This issue of InfoCourier covers the following topics:

  • Summaries of Court judgments

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Court judgements

Summary of judgment no. 3-18-1328 (31 March 2021) of Tallinn Circuit Court

The Circuit Court examined an appeal by a company board member regarding the Tax and Customs Board’s request for the provision of a personal bank statement endorsed by the bank. The board member had made a payment in the company’s bank account, described as a loan. An examination of the board member’s income , however, did not give reason to believe that such a loan had been granted and the circumstances indicated that the amount concerned may have in fact been the company’s concealed revenue.

The board member argued that requesting the bank statement was against the law as this information was not relevant to the tax proceedings. Further, the board member pointed out that the Tax and Customs Board did not explain in its request why the information previously supplied was considered insufficient and what would be the added benefit of providing the bank statement.

The court addressed the issue of whether the request for the bank statement was justified in order to ascertain facts relevant to the company tax proceedings (including those relating to the availability and the origin of the funds at issue).

The court referred to the following observations:

  • according to § 61 (1) of the Taxation Act, the tax authority has the right to request information from third parties, in order to ascertain facts relevant to tax proceedings. Such persons are obliged to make the requested information available. In this case, the board member was the third party as the tax proceedings related to a company;
  • according to § 62 (1) of the Taxation Act, the tax authority has the right to request that a taxable person or third party present things and bearer securities or submit documents in the possession of the person, in order to ascertain facts relevant to tax proceedings;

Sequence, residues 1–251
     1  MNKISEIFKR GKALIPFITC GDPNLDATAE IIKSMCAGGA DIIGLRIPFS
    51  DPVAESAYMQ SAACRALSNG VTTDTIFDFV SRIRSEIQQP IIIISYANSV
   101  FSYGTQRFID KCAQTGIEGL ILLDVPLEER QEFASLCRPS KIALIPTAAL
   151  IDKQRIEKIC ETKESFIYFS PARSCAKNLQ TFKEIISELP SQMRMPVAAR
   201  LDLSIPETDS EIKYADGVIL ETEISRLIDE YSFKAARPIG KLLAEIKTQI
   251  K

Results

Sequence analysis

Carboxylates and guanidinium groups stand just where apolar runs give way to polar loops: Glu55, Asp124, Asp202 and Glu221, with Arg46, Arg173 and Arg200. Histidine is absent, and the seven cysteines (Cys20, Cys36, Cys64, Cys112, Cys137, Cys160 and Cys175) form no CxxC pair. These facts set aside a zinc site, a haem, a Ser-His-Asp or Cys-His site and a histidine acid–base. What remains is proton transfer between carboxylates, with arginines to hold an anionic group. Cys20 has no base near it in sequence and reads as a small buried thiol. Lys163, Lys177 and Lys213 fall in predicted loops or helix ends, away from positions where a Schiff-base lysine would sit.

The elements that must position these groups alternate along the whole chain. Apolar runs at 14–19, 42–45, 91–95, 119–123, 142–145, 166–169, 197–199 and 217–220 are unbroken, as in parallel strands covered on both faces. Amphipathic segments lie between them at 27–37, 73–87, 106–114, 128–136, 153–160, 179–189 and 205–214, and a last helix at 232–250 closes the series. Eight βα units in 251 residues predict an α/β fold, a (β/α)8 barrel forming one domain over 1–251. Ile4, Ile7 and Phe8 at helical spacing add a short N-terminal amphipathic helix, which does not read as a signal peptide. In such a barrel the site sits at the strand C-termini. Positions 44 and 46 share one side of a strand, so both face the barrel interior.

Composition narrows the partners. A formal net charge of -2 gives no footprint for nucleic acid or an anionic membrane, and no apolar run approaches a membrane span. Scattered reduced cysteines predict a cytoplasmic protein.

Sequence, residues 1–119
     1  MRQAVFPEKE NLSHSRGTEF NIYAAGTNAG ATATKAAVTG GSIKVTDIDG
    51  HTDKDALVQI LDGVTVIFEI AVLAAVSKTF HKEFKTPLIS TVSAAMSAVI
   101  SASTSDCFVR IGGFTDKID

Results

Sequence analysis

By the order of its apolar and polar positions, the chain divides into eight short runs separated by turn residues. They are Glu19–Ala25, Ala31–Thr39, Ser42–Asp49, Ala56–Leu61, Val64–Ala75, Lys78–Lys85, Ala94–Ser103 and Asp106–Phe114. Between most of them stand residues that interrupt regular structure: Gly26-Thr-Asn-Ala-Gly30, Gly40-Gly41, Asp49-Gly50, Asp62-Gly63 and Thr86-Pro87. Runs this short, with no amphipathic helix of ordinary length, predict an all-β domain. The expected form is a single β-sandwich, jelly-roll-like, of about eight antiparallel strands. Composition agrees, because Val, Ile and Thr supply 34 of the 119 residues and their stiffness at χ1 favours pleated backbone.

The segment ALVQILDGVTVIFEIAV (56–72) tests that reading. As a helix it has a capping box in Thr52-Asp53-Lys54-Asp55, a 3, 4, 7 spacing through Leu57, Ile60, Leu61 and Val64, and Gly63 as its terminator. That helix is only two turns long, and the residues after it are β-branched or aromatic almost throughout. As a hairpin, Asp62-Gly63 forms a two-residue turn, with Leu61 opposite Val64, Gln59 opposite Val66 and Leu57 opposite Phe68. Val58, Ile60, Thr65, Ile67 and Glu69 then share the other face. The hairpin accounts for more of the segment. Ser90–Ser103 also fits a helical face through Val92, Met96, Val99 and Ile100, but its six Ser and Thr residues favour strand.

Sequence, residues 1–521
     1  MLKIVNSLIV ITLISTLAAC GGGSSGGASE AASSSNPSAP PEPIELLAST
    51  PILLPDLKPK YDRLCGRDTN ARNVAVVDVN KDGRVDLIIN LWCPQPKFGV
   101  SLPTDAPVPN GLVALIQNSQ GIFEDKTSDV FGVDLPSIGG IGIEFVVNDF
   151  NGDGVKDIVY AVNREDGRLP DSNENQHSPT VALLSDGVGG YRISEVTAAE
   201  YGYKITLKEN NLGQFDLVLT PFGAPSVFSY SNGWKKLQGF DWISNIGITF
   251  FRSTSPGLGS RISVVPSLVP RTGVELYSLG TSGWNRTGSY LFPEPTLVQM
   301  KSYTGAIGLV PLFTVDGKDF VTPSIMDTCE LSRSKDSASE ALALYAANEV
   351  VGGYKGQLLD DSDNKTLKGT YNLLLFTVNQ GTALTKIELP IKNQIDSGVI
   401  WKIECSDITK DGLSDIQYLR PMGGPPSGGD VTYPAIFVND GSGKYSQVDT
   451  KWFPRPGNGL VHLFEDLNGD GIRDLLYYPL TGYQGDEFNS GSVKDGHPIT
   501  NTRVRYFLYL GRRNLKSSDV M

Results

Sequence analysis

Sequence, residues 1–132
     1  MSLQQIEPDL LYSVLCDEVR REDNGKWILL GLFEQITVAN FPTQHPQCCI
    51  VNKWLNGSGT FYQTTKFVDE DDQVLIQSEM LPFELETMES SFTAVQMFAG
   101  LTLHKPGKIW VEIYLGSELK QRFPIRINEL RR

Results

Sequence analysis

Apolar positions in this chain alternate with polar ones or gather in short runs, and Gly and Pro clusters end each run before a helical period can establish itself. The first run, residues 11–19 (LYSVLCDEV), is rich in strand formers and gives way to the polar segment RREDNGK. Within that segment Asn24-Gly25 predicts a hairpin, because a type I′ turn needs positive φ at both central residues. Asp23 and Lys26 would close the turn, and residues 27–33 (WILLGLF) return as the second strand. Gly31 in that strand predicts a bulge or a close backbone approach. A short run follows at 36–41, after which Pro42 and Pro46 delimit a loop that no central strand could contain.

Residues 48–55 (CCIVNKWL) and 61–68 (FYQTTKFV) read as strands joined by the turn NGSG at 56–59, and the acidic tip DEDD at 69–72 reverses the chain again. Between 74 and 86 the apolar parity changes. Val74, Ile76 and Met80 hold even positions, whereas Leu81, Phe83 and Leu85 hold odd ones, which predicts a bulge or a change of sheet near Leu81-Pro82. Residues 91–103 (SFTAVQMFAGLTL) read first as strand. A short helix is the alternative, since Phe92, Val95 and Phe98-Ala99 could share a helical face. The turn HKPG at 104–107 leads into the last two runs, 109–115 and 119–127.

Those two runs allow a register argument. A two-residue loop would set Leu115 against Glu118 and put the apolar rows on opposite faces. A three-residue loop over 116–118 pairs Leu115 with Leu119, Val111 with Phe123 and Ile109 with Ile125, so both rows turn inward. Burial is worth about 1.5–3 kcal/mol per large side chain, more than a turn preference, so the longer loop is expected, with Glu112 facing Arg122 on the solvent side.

• a suitable criterion for determining the information requested from a third party is the relevance of the information to the tax proceedings. The tax authority is not obliged to explain which circumstances it specifically wishes to examine or how the information and documents requested relate to the specific tax compliance check.

The court found that the request for the provision of a bank statement was justified in order to prove the origin of the money and to evaluate the claims and evidence for reliability.

The report of the case is available here (in Estonian).

Additional information: Tax Advisor Ave Rego,

Summary of judgment no. 3-19-1246 (11 March 2021) of Tallinn Circuit Court

The Circuit Court discussed a case where the tax authority had discovered, in course of a VAT compliance check, that a company had paid a supplier’s invoices without having received the goods specified in the invoices and that the company was aware of the fact. The tax authority took the view that the company was not entitled to deduct the input value added tax charged on these acquisitions, and that the payments effected on the basis of these invoices were unrelated to the company’s business and should be subject to income tax.

The court, however, found certain inconsistencies in the tax authority’s arguments underlying the tax decision. The company has clearly stated that it had acquired a large quantity of goods (a component of ship fuel) through the transactions at issue (and there is supporting evidence from the stock records). Furthermore, the tax authority has not established that the company has not been supplied any such goods. Under the circumstances, it is not possible to argue that the invoices under consideration are not at all related to the company’s actual business transactions, despite the fact that the data specifying the supplier, the type and the quantity of the goods in the invoices may be inaccurate.

The court held that as a supply of goods did take place during the transactions at issue, even though the goods were not identical with those specified in the invoices, the transaction should be treated as an ostensible transaction aimed at concealing another transaction. As the goods thus acquired were used to produce ship fuel for sale (i.e. for the purposes of the business of the company) and there is no reason to believe that the components used for producing the fuel were acquired for free, the payments made on the basis of the invoices cannot be considered totally unrelated to the company’s business. The court was of the view that the written evidence required for income tax assessment was absent or unreliable, and that the tax authority should have made the tax assessment by estimation, in accordance with § 94 (1) of the Taxation Act.

The court concluded that the company’s appeal was, in part, warranted and should be upheld as regards the income tax assessment. With regard to the VAT assessment, the appeal was considered unfounded and this part of the appeal was dismissed.

The report of the case is available here (in Estonian).

Additional information: Tax Advisor Ave Rego,